Don’t put power into the form, let it naturally arise from the form

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I don’t know if this is a famous quote from a master of old, or if it’s just something that Wayne Hansen thought of himself, but he uses it in his signature, and I was musing on this phase recently:

Don’t put power into the form let it naturally arise from the form

It’s such a great quote, because it’s absolutely true!

I was reviewing somebody’s form recently and the big thing I noticed was that they were trying to put power into the movements, rather than just accepting that the movements on their own are powerful, and don’t need anything extra to make them work. In fact, when you try and make Tai Chi movements powerful, it just messes them up, because you inevitably revert to tense, isolated muscle use, instead of a smooth flow of connected power, like a river.

(I think I should mention here that I’m not talking about the explosive bursts of power you typically see in Chen style forms. These are different. Instead, I’m talking about the general movements found in Tai Chi, typified by Yang style and it’s variations, which opt for a smooth form with an even pace throughout).

What that quote doesn’t do however is explain how it’s done. Tai Chi is full of these mysterious sayings, with very little explanation, so let’s break this one down and see where we get.

Fang song

Firstly, in Tai Chi we are frequently admonished to Fang Song or “relax” as we would say in English. We all instinctively know that a relaxed body can be a powerful body.  Think of how heavy a small child can make themselves if they don’t want to be picked up by going all floppy. Similarly, a baby’s grip is surprisingly powerful, but not tense.

Being too tense results in a kind of rigid and brittle strength. It’s strong, but it’s not deep. It tends to lie on the surface, like ice on a lake, but break through the surface and it’s nothing but water underneath. Relaxation can be more like thick sea ice all the way down.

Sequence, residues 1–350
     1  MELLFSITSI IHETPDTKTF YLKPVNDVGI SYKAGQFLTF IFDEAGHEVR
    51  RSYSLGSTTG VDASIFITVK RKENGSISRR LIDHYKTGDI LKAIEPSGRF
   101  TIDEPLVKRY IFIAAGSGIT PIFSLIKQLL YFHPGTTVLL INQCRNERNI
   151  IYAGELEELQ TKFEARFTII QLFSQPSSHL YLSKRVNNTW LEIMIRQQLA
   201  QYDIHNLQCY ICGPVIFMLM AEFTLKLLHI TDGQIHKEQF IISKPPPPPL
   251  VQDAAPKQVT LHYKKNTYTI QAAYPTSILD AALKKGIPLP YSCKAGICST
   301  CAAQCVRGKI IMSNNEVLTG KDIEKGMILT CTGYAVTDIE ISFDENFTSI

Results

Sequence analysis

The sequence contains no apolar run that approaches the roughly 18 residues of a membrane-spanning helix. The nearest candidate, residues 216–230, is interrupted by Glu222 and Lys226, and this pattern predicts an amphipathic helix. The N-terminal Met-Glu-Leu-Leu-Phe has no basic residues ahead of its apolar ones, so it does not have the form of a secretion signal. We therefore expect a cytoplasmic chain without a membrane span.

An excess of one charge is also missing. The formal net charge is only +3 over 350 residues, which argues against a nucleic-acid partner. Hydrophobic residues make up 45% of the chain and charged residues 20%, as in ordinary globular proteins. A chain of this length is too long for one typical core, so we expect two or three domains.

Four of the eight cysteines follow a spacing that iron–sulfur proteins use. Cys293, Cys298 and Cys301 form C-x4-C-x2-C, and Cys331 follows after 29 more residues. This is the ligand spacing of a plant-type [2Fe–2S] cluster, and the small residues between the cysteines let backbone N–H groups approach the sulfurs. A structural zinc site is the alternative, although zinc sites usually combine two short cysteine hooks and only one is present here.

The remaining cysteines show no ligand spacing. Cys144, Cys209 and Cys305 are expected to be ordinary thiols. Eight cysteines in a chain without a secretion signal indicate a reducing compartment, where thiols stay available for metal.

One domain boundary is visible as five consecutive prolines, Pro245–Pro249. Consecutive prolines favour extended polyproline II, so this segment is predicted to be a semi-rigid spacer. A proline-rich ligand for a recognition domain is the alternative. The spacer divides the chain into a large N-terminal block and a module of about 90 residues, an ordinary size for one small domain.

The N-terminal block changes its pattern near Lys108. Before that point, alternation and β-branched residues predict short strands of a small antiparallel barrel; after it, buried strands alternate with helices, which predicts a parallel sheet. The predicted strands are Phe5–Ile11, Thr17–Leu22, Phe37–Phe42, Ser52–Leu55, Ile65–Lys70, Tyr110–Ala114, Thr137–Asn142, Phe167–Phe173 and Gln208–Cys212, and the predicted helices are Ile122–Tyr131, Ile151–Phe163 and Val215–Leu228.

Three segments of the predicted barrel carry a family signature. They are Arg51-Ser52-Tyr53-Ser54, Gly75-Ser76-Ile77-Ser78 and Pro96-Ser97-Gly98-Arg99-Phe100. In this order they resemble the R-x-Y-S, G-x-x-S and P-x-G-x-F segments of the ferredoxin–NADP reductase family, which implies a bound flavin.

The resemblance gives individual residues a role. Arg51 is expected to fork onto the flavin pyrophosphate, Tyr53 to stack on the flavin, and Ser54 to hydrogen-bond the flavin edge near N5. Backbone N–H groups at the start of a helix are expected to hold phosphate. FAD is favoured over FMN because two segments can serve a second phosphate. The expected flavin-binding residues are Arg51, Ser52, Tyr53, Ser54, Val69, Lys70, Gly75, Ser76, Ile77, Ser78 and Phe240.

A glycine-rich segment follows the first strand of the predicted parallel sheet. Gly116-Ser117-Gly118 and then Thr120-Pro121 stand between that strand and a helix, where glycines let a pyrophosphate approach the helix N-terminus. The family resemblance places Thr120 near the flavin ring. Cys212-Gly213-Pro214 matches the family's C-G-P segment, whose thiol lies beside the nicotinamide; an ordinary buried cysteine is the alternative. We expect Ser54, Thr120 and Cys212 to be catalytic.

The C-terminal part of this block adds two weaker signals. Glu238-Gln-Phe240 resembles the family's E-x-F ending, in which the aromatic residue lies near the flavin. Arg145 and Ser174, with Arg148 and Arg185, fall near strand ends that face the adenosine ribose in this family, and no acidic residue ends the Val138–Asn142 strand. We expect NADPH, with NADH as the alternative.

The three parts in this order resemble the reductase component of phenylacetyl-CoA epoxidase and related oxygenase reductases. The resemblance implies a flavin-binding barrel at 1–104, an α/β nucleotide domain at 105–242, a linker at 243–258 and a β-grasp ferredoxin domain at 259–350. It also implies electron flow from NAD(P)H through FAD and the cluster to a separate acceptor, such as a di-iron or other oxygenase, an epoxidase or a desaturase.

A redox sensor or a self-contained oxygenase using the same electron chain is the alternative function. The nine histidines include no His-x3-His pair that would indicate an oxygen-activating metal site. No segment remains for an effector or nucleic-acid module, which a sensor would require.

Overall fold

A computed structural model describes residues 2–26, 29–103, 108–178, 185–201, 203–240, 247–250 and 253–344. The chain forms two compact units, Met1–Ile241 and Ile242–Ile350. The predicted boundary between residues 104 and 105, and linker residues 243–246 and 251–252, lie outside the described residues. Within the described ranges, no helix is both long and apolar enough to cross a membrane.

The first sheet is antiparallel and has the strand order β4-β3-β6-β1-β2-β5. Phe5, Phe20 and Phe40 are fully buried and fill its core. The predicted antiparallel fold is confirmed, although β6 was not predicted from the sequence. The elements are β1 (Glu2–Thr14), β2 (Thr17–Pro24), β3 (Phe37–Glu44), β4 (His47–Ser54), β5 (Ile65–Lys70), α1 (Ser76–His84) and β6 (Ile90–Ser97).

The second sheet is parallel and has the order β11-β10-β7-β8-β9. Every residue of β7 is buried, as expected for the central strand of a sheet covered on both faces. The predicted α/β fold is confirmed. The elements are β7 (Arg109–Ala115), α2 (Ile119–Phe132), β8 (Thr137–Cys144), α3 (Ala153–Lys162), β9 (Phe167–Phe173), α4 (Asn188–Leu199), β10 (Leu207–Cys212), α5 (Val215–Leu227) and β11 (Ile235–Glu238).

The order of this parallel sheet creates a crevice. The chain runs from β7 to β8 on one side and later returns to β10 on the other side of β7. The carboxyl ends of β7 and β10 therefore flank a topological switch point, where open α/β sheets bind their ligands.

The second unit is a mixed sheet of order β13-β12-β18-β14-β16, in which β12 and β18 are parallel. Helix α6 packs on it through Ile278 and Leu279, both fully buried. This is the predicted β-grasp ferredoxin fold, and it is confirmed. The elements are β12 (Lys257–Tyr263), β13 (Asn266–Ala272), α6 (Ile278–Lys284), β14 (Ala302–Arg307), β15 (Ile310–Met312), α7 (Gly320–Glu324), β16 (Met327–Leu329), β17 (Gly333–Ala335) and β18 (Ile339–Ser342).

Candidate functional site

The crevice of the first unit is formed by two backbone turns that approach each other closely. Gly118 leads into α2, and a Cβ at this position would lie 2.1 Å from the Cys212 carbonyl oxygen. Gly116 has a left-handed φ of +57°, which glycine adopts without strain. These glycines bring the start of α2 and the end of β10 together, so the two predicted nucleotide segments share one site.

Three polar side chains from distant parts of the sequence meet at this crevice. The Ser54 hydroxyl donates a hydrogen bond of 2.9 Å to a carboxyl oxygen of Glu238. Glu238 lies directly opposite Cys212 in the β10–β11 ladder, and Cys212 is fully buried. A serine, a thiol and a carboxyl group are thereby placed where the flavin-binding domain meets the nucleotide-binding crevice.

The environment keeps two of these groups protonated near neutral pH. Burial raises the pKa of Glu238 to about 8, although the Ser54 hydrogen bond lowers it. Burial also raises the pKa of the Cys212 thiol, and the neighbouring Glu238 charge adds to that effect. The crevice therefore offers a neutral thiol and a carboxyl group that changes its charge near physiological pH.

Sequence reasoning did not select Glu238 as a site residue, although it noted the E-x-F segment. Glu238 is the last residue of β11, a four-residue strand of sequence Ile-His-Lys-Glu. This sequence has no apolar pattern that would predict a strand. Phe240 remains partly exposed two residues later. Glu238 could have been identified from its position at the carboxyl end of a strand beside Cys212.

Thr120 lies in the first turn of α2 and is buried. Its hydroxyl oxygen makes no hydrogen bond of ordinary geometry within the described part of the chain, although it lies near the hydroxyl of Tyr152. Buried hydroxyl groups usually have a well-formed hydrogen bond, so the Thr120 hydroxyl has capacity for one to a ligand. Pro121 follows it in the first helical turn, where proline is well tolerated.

But to be powerful a relaxed body needs to be a coordinated body. On a purely mechanical level that means moving so that the coordinated power of the body arrives at the right place at the right time. There’s no point punching with just the arm, but if you can coordinate your body so the legs, hips, torso, and arm are all working – arriving – together it creates a kind whole body power that doesn’t rely much on tension at all. But that’s still not the whole story.

That sinking feeling

This sort of whole body power on its own is not enough. The next stage is to get used to sinking into the movements. This sinking – dropping the weight of the body down into the ground through relaxing – paradoxically, enables power from the ground to come up into the hands. It generally moves in an upward and outwards manner, which is the Peng Jin that Tai Chi is famous for. All the movements of Tai Chi need to contain this Peng Jin.

I often read people who critique this method, thinking that “pushing from the legs” will just be too slow, but frankly, they just don’t know what they’re talking about 🙂

True, the legs are very much involved, but when you effectively sink – drop the weight down – it’s not a physical movement. It’s an internal movement. And the power of the ground arrives in your hands instantaneously, so there’s no delay. It’s not too slow to use.

Once you get used to doing this sinking you can feel it. It requires practice, probably daily practice to get it. But that’s why you do the form every day. Every day you are practicing movements where you drop the weight and put the power of the ground in your hands.

Remember, the movements themselves are powerful – you don’t need to add power in. Instead you need to learn to relax, coordinate and sink your ‘energy’.

Just look at that picture of Yang Cheng Fu above.

He’s got it.

 

 

 

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4 thoughts on “Don’t put power into the form, let it naturally arise from the form

  1. Pingback: Bad news people – Qi is not mystical | The Tai Chi Notebook

  2. Pingback: Jin, by definition, requires intent – Digital Product One

  3. Pingback: Jin, by definition, requires intent | The Tai Chi Notebook

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